After thunderstorms fire over the southern High Plains Monday evening, a complex of storms will ride southeastward over northern and central Texas into Tuesday morning.
Storms Monday evening from west Texas, eastern New Mexico and the Oklahoma panhandle to eastern Colorado and western Kansas had the potential to bring damaging wind gusts, large hail and a couple of tornadoes.
Some of the storms will survive the overnight hours by focusing along frontal zone reaching west to east across northern Texas.
The storms are likely to build southeastward into the warm air from Abilene to Dallas-Ft. Worth during the early morning hours Tuesday. As they move along the risks from the storms will mostly be from damaging wind gusts and flash flooding.
There is a chance the storms continue to re-fire during Tuesday midday and afternoon, reaching areas from Austin to Houston.
A similar complex of storms formed over the central High Plains Sunday night and drifted across Oklahoma and northern Texas into Monday morning.
The new complex of storms is forecast to fire and move farther to the south than the storms from Sunday night.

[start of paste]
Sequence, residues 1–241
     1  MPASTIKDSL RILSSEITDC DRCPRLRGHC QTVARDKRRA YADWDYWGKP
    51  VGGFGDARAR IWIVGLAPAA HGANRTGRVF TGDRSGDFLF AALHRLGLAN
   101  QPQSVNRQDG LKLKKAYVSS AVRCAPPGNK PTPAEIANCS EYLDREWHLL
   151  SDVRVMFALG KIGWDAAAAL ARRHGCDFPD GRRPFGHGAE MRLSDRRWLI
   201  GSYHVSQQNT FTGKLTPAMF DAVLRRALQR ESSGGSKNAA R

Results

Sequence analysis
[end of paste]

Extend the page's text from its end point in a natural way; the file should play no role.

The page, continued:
Matthew has become a hurricane in the Caribbean and may approach the U.S. during next week.
It will feel like an extended winter for those living from the northern Plains to the eastern U.S., as cold and snowy conditions last longer than normal.
Persistent downpours will raise the flood risk in part of the mid-Atlantic into Friday, while rain will spread over the balance of the northeastern United States into the weekend.
The final day of September will bring a rare lunar event that hasn’t occurred since March of 2014, a Black Moon.
The holiday weekend will start on an unsettled note, but the weather should improve by Day of German Unity celebrations on Monday.
Improving weather over the next several days will aid officials in battling wildfires across California.
Snow in New England and Pennsylvania mountains.
Terre Bone Parish, LA (1915)
Hurricane hit with 140-mph winds. The storm wrecked 90 percent of the buildings in town. Central pressure of 951.9 mb; 275 killed, $13 million damage.
St. Louis, MO (1927)
Tornado 300 feet across with a 4-mile path crossed river. Twister killed 72, caused $22 million damage. Total of 81 dead from outbreak and $25 million damage.